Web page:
From the Library of C. S. Lewis
Selections from Writers Who Influenced His Spiritual Journey
Discover great truths from C. S. Lewis’s mentors
C. S. Lewis was perhaps the greatest Christian thinker of the twentieth century. He delighted us in The Chronicles of Narnia, intrigued us in The Screwtape Letters, mystified us in The Space Trilogy, and convinced us in Mere Christianity. His influence on generations of Christians has been immeasurable.
But who influenced C. S. Lewis? What were the sources of his inspiration? Who were his spiritual mentors? Who were his teachers?
Drawn from Lewis’s personal library, annotations, and references from his writings, the selections in this book bring us into contact with giants such as Dante, Augustine, and Chaucer, as well as introduce us to more contemporary writers such as G. K. Chesterton, Charles Williams, George MacDonald, and J. R. R. Tolkien. Over 250 selections provide a vast array of inspiration from those who have shone forth as messengers of light in Lewis’s own thinking, writing, and spiritual growth.
A rare glimpse into the intellectual, spiritual, and creative life of one of literature’s great writers, From the Library of C. S. Lewis is a treasury of insight and wisdom.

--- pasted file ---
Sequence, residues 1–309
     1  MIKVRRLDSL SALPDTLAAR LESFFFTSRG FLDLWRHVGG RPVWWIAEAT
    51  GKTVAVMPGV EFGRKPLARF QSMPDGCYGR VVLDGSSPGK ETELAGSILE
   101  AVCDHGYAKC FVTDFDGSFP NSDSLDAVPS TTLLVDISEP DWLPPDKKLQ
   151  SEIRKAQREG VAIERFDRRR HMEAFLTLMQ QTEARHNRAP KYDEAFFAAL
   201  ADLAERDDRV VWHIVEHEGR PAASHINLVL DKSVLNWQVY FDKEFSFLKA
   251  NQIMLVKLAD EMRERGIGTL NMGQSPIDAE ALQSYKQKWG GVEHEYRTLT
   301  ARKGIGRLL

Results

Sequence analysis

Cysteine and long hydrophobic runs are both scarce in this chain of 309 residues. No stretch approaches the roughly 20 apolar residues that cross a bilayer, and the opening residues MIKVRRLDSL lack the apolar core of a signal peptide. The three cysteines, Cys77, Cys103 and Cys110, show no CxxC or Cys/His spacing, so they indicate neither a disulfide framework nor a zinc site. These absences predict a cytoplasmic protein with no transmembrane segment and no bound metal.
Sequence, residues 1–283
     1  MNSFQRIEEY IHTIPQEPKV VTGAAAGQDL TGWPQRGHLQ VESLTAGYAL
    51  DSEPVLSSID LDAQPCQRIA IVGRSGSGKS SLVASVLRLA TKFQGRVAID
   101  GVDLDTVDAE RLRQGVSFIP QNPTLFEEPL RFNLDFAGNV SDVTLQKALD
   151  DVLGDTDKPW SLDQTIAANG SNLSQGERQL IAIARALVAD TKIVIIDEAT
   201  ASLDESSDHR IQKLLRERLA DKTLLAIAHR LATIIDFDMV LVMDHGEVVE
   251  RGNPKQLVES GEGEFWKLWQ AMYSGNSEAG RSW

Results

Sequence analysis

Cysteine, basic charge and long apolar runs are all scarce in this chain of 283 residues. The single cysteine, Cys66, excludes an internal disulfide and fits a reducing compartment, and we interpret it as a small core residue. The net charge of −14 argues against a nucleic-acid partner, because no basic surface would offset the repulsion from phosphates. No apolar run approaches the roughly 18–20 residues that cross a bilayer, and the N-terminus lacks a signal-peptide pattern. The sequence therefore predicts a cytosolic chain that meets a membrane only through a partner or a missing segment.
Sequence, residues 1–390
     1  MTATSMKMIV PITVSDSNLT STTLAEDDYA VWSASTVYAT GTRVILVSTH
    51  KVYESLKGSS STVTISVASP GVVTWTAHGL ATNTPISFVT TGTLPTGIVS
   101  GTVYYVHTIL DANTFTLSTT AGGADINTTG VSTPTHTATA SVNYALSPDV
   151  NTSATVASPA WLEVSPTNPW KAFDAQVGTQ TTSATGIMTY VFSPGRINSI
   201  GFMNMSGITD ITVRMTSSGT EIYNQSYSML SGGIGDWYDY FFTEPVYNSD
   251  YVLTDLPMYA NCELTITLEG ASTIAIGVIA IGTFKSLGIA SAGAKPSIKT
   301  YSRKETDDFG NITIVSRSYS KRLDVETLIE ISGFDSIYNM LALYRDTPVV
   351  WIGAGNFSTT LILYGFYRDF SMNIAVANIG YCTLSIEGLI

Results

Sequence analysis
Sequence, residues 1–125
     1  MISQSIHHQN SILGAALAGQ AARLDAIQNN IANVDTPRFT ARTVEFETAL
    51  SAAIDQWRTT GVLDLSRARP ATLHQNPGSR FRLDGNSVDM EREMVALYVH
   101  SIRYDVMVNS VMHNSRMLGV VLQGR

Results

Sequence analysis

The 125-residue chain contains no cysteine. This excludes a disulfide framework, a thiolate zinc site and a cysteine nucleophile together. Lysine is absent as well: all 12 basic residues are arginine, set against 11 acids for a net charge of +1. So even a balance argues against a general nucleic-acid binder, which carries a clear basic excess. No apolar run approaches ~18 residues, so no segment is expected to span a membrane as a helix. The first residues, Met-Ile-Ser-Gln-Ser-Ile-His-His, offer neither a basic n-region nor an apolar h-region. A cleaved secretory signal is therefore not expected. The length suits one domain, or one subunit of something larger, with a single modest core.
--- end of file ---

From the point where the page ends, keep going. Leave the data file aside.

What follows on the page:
Celebrated essayist, critic and fantasy novelist C.S. Lewis enjoys a posthumous popularity among evangelicals thanks to his defense, mounted in The Screwtape Letters and elsewhere, of traditional Christianity in a modern, secular world. In this collection of short excerpts from authors that Lewis cited favorably either in his own writings or in his library marginalia, Bell, author of The Complete Idiot's Guide to the Bible, concentrates on religious influences. The selection, grouped according to such themes as "God's Love," "Sin and Temptation," and "Heaven, Death, and Immortality," includes pieces by Church Fathers, from Athanasius to Aquinas; medieval mystics like Julian of Norwich and Francis of Assisi; Reformation-era luminaries like Luther, Calvin and Pascal; and modern clergymen and religious academics like George MacDonald and C.H. Dodd, along with some surprises, like Carl Jung on Jesus and prayers from Samuel Johnson. A few sections devoted to secular writings include critical appreciations of Shakespeare and Jane Austen and poetry by Chaucer, Coleridge and Wordsworth. The pieces are not always well chosen; the snippets of Aquinas convey mostly a sense of arid pedantry, and a eulogistic letter by Lewis's friend J.R.R. Tolkien goes on about obscure academic rivalries. And the emphasis on religious writings lends the book a strongly devotional, pious and sermonizing tone. The collection's most congenial feature for contemporary readers is the heavy dose it provides of G. K. Chesterton, a modern Catholic writer whose punchy, demotic style was a strong influence on Lewis's own popular Christian apologetics.